The Nudgelet
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The Nudgelet

‘This is Sparta!’ : The Art of Persuasive Emails

By Udoyon Banerjee, UG 21, Head of Operations and Research

Quarantine has indeed made the movie 300 relevant.

The onslaught of endless emails against one single mind, two laptops, your Iphone, and 5 cups of coffee does seem to be analogous to the Million Strong Persian Army against your 300 Spartans. It is moreover daunting, as you do have important things to read, respond, and write about through those emails.

So wherefore comes the Nudging?

It is both in learning which emails to read, how to communicate back, and to find the content of the email without reading it in its entirety. This article looks at two prime principles — How to communicate effectively and how to absorb communication effectively. Let us start with the latter.

The Mad Hunt for Memes, Graphic Designers and vacuous, pretentious lexicons. ( jargon for jargon)

When writing or reading an email, you may have noticed a sharp upswing, on visual content, changes in font, and other such cues springing up on your email.

This very simple, yet effective task utilizes a principle called Salience.

A number of actions have been shown to improve salience. We pay attention to information or objects that stand out and catch our eye.( See what I did there?)

Very simply as the amount of information keeps expanding, the good communicator will try to find better ways to reduce the cognitive ease of the email reader.

But what exactly is cognitive ease?

Now you can argue I have not used that meme correctly, which is exactly what cognitive ease is about- making information available in a way that makes you expend as little mental capacity as possible. For the writer of an email, Make it Easy, Make it colourful, hire A graphic designer, the more fun it is to look at, the greater your chance of people actually retaining the information presented within the email. For the reader of the email, think about the meme I just attached, the reason you felt it was used correctly or incorrectly is because you have seen it being used many times before. As such it is significantly easier for you to point out whether the meme is presented correctly or not, which means you have responded to my message.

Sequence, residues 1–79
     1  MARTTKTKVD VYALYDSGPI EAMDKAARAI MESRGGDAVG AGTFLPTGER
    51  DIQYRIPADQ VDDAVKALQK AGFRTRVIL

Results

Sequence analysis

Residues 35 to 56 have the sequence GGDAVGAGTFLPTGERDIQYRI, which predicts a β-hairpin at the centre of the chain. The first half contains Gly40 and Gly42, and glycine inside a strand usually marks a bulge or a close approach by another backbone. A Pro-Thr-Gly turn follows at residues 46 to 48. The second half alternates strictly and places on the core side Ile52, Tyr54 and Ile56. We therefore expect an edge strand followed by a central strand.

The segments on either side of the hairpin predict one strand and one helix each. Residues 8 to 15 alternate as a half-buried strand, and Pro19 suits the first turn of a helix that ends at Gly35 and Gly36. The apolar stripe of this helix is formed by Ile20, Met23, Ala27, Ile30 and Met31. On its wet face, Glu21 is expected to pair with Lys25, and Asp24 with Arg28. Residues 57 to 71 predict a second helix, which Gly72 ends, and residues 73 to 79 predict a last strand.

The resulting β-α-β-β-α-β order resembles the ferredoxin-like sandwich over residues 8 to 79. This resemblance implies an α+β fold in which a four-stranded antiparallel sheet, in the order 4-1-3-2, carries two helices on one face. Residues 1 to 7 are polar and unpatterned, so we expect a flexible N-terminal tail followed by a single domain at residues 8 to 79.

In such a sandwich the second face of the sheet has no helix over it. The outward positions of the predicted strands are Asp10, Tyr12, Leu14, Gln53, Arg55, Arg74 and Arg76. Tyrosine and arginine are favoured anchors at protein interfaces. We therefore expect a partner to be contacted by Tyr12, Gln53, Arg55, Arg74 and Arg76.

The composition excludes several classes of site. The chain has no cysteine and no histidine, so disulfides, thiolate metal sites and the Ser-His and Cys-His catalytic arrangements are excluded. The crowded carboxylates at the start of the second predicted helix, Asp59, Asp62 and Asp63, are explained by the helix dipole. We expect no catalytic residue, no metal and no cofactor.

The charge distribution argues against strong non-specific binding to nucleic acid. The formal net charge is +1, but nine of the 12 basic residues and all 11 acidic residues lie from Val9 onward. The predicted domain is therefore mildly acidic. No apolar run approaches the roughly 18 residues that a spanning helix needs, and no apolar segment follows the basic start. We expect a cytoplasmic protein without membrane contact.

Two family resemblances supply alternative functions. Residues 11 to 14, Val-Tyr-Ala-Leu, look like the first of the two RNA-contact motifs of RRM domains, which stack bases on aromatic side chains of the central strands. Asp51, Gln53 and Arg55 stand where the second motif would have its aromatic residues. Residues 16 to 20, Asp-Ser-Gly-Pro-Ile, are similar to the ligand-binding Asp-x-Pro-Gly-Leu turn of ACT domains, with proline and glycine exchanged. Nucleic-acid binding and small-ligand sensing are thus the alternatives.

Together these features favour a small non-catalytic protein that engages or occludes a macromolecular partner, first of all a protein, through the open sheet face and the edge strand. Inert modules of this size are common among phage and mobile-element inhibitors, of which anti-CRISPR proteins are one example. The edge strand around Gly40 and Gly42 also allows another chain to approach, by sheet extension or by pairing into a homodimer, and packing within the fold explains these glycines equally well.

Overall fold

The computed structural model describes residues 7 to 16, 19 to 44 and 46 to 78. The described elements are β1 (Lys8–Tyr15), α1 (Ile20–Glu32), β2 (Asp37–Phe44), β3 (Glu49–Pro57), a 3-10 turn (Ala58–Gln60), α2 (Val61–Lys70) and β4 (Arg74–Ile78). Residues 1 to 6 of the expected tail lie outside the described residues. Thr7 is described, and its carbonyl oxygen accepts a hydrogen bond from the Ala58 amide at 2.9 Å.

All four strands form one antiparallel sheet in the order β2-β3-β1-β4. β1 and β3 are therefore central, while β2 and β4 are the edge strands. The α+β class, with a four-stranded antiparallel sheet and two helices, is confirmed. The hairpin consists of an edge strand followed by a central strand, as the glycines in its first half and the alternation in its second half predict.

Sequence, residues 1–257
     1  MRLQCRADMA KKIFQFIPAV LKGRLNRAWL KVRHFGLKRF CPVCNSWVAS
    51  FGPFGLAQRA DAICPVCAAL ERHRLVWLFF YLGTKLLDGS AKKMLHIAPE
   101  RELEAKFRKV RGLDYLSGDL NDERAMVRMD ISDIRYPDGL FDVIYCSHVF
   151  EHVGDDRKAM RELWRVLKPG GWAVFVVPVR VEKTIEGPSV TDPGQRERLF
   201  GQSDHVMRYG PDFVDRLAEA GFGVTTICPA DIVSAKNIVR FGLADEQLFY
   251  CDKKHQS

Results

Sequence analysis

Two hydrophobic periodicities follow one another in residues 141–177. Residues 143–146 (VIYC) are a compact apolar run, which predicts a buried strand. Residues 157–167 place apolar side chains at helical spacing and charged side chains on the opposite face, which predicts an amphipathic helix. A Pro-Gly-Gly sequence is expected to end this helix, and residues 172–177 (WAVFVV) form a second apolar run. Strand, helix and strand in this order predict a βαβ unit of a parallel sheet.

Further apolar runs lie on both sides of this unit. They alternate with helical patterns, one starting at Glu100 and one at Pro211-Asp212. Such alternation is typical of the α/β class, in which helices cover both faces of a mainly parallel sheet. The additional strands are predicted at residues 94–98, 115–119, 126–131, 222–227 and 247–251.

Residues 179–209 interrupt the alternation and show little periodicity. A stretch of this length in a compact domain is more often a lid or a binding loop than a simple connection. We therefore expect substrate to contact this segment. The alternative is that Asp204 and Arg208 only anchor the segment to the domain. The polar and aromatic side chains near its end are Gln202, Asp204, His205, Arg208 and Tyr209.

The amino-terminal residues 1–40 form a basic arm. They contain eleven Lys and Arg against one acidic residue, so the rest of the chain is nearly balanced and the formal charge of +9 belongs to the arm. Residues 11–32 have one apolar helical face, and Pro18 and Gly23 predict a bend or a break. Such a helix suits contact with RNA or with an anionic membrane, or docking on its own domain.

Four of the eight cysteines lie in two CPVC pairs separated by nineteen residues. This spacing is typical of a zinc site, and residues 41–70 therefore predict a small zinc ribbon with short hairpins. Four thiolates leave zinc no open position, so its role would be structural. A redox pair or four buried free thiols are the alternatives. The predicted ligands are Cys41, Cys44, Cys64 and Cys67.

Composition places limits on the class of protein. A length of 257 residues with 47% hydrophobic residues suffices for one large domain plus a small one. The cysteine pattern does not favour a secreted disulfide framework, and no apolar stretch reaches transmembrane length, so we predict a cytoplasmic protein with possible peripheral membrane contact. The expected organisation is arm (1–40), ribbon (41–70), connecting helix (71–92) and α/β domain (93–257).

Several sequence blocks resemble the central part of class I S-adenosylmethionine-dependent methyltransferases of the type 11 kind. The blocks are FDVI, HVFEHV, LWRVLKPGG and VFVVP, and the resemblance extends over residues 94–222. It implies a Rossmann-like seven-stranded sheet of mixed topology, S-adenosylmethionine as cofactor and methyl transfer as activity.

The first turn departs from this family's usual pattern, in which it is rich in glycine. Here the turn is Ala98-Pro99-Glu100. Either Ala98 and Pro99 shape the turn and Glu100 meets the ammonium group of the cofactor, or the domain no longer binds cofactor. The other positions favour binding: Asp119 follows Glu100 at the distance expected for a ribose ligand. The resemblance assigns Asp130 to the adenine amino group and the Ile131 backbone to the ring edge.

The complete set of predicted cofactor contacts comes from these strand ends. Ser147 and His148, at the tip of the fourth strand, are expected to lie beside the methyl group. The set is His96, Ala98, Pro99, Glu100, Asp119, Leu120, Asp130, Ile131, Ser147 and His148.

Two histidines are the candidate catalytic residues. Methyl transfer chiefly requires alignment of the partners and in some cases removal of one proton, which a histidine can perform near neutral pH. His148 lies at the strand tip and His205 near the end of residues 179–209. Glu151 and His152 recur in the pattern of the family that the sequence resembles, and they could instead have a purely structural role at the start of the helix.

An additional pointer here would be not to be heavy on jargon, especially let us say you are sending an email about Nudges, and people do not know what they are. Analogies are important here, using an example allows people to warrant a guess without knowing the concept itself which once again allows engagement. ( For instance, notice that I did not explain what salience was?).

Finally, I would like to leave with a question, why did I expound on the use of cognitive science on communication? Why not writing or talking itself? This because this piece dealt with only the ability to improve communication of certain content by behavioral interventions, not utilizing these interventions within the content itself. That is a form of debate I would love to see presented. Do you believe these nudges should be implemented, on what we write and talk about?



The Ashoka Behavioural Insights Team’s flagship publication.

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